Jadids are not an organization, they are inspiration. They were cultural phenomenon. If you take a golden age of literature of Harlem Renaissance as an example, you look at different spectrum of poets, musicians, and artists who made Harlem one of the centers of culture in America. When you look at Jadids, there are shades of beliefs. I think Kadiri especially is at the other end of the spectrum because he had a madrasa education. It wasn’t unusual for some Jadids to have madrasa education. Some Jadids were members of ulama. They were religious leaders that wanted to couch the reform within Muslim modern republic, just as they had done in Turkey.

There is a thought that all Jadids were communists and atheists. I do not believe Kadiri was an atheist. I can’t comment on the other Jadids because I don’t specialize in them. But Islam permeates in “Oʻtkan Kunlar.” Sometimes there is criticism that Kadiri was good in criticizing his own people but that is the whole point of the novel. The first sound you hear in the novel is Azan (Islamic call to prayer). It is the first sentence. And one of the last sounds you hear is Janazah (Islamic funeral prayer), when somebody dies. It seems that Kadiri is writing about the birth and death of the idea of reform, and it is definitely couched within Islam. So, I don’t believe he was an atheist.

He may have believed that the Bolshevik revolution brought some hope. That the old order of khans and emirates was overthrown. Maybe Kadiri and other Jadids looked at the Bolshevik revolution as the reordering the society. But if Kadiri had some hope with the Bolsheviks, it died by 1926, by the end of the novel. The end of the novel pretty much tells you about it. One of the sons of Yodgorbek at the end becomes a Basmachi. Otabek dies fighting the Russians.

So, I think Kadiri plays with the timeline. It is a novel about the past to describe his present as a warning to the future. It is a novel of resistance, a novel of memory and loss. It is not a novel of Socialist Realism.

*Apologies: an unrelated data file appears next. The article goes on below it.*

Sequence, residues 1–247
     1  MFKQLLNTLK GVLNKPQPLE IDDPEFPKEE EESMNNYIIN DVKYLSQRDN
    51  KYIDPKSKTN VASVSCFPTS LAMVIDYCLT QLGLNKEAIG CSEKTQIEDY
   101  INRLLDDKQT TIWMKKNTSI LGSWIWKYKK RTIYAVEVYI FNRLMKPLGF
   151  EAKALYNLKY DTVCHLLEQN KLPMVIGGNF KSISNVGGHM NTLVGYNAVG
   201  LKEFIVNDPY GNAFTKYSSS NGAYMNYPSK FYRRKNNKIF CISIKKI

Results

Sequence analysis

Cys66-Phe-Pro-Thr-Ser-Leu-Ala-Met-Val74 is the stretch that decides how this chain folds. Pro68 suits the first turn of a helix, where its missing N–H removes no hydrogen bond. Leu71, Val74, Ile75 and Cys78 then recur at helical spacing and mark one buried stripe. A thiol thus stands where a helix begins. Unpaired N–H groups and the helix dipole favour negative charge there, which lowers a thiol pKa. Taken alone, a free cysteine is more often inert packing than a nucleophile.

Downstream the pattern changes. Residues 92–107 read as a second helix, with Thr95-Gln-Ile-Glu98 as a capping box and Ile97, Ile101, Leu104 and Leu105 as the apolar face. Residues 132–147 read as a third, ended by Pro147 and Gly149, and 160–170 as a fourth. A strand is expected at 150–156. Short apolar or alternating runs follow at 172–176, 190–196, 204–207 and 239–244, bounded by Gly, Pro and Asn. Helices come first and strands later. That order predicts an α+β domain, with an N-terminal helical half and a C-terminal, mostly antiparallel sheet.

There is another argument. Some point at “Obid Ketmon” as the Soviet Socialist Realism novel. Maybe it is, we don’t know. We don’t have a document of Kadiri’s own hand of what he thought about it. He already ended up in jail in 1920s because of his articles. Maybe Jadids gave the soviet experiment a shot and became bitter about it which is I believe Kadiri did.

I think Kadiri became bitter toward the end. That is why you have such an ending in the novel. He survived the civil war, famine, all of the other tectonic shifts in the region. Probably, the final catastrophe was the creation of Uzbek SSR and the Kazak SSR because Soviets coming to power didn’t mean that the power would be transferred to Jadids. I think he was upset about homogenization of culture. Yusufbek Hajji speaks Tajik throughout the novel. It is this world of different influences that is slowly becoming homogenized under Soviet system.

— In an interview with Voice of America you mentioned that your version has Kadiri’s Jadid views that were censored in Soviet publication of 1936. Do you remember what views exactly?

— One is monarchist views. I haven’t read all of the different versions but I’ve met with Bakhodir Karimov who is an excellent specialist on Kadiri. He has read all the versions, especially the one released in 1950s. So, I know that starting in the 30s and until the 50s “Bygone Days” was positioned as the novel about love.

I think it was an attempt to insert Soviet ideology into the novel. Because the novel about love is a safe topic. Also, in later versions Yusufbek Hajji’s big speech where he touched on impured waters of Turkestan was erased.